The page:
There is taking responsibility for one’s circumstances and then there is outsourcing responsibility for one’s circumstances, just as there is acknowledging injustice without imposing judgment upon legitimate victims of circumstances, situations beyond one’s control. Or in other words, victim blaming. A term we’ve come to know, particularly in regard to sexual assault: the victim had it coming, they asked for it, their clothing choices invited the assault.
This was my takeaway upon reading David Treuer’s opinion piece last Sunday in the New York Times, “An Indian Protest for Everyone.” Treuer stated “The Standing Rock Sioux tribe chose not to fully engage with pipeline officials until late in the process.” Um, okay, that’s beyond the point, unless it is meant in the spirit of sensible advice, or tough love—and even then, it seems patronizing.
Treuer went on to write, “It absolves our tribal leaders of their reluctance to show up for meetings and to fight diligently and thanklessly in the trenches of numb process.” Okay. Fair enough. But again, how is this relevant? Is this helpful? Let’s look at it this way: In the late 1800s, let’s suppose that the government send out invitations to negotiate land claims prior to the Wounded Knee Massacre, and let’s suppose the Indian leaders had gone to the trouble to put in an appearance to those meetings, perhaps Wounded Knee could have been avoided.
Maybe I’m being too harsh, but I don’t understand Treuer’s intent or logic. Wait—Indians don’t have to all agree with each other, right? Indians should have the leeway to disagree with each other? Maybe that’s the point he’s trying to put across here—a challenge, which I’ve clearly taken up by writing this op ed. But with human rights and environmental justice, lives literally at stake, maybe this isn’t the time to axe grind and point blame. Still, with a platform as large and influential as the New York Times comes greater responsibility.
Treuer cited an article by David Archambault II, the chairman of the Standing Rock Sioux, from a New York Times article published August 24. “Our tribe has opposed the Dakota Access pipeline since we first learned about it in 2014. Although federal law requires the Corps of Engineers to consult with the tribe about its sovereign interests, permits for the project were approved and construction began without meaningful consultation. The Environmental Protection Agency, the Department of the Interior and the National Advisory Council on Historic Preservation supported more protection of the tribe’s cultural heritage, but the Corps of Engineers and Energy Transfer Partners turned a blind eye to our rights. The first draft of the company’s assessment of the planned route through our treaty and ancestral lands did not even mention our tribe.”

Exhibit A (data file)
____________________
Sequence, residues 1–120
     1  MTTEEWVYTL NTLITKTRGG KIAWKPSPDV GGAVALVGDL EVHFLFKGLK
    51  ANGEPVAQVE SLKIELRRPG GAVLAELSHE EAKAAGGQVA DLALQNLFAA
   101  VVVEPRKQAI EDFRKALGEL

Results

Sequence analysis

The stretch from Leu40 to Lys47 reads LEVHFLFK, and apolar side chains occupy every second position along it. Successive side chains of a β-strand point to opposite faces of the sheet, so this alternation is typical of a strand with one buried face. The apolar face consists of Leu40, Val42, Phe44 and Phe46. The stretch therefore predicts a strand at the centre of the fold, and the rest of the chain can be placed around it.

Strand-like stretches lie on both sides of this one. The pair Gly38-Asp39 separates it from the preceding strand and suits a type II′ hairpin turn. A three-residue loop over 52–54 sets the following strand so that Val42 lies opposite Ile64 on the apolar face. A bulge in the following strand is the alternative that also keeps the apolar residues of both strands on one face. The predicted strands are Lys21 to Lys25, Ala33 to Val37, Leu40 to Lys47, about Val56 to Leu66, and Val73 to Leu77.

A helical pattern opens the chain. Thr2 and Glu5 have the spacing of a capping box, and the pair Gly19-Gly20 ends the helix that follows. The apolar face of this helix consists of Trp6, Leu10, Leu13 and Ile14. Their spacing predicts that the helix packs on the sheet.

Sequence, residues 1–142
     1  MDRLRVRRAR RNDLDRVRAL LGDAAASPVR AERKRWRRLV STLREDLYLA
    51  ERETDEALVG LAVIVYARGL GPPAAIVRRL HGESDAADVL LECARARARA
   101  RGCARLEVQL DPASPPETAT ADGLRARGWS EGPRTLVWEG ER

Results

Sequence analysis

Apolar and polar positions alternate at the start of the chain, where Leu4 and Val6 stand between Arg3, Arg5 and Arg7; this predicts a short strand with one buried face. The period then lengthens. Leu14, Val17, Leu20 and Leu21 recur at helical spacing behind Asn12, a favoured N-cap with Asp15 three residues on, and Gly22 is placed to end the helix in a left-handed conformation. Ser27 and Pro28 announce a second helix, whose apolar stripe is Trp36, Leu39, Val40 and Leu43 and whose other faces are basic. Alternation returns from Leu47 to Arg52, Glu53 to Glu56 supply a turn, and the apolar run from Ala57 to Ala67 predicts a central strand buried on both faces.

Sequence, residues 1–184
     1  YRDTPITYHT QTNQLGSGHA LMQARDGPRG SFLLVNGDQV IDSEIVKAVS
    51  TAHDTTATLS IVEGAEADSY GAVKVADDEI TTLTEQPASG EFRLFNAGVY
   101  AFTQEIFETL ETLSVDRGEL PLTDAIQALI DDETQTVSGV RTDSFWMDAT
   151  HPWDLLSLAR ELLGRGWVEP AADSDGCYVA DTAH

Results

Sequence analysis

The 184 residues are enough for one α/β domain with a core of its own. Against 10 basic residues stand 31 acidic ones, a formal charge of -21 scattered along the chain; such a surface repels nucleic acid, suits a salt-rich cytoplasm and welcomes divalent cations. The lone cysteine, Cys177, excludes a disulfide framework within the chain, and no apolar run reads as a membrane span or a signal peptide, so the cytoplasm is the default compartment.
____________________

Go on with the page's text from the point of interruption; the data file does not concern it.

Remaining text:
Did Treuer not see this section?
Where exactly did he glean information regarding “missed meetings?” I saw something on NPR about it and I read an article in the Orlando Sentinel, but it seems moot, now, plus it strikes me more as a smear campaign against Standing Rock, taken from the propogandist playbook, and it isn’t as if this serves as any precedent. Big Oil’s been pushing the little guy around for decades, so much so that even Obama’s hands are tied. Anyone half familiar with bureaucracy knows how underhanded its system to be. Take the Vogons from “The Hitchhiker’s Guide to the Galaxy” as a ringing example. Fiction, true, but perfectly, albeit lightheartedly, analogous.
Treuer used “protest(ers)” repeatedly and very deliberately in the article. Is he being disagreeable to the term already in use, the preferred nomenclature? Language is his livelihood so I can only draw the conclusion that he objects to “protectors” over “protesters.” This serves as another data point informing my overall impression.
Treuer took issue with the cowboys and Indians premise stated by Archambault: “But to say that the story of the Dakota Access Pipeline is another iteration of that old western story is to repeat the mistakes of past protests and movements. We situate ourselves in a position of powerlessness.” Were the Lakota powerless in 1868, during the signing of the Fort Laramie Treaty? Should the Lakota be held accountable for some oversight on their part when the treaty was broken?
Standing Rock, NoDAPL, is an event on a scale which the world has never seen, and it has sparked universal awareness and attention towards the most critically urgent issues of our time. And all of this from a small, modest community forgotten by the world (except when Obama visited) who gathered together thousands of people with a unified purpose, and who are leading the world toward a great shift in consciousness. That should be celebrated, lauded. It’s remarkable and holds significant spiritual meaning for the entire world. Standing Rock is at the heart of it. My mother was born at Standing Rock. As was her mother, and so on. That’s meaningful to me. That’s my skin in the game, so to speak.
The people of Standing Rock, the Oceti Sakowin, and all of the protectors on the front lines who are fighting for environmental justice and demanding human rights deserve more than what Treuer’s opinion piece in the New York Times has offered. Perhaps Treuer is making a plea for us do better. But his tone seems neither sympathetic, nor particularly solidaritous. Standing Rock needs allies, not corrective measures and shaming.
Tiffany Midge is a contributor for Indian Country Today Media Network, and an assistant poetry editor at The Rumpus. Her work is featured in McSweeney's, The Rumpus, Okey-Pankey, The Butter, Waxwing, and Moss. She is Hunkpapa Lakota. Follow her on Twitter @TiffanyMidge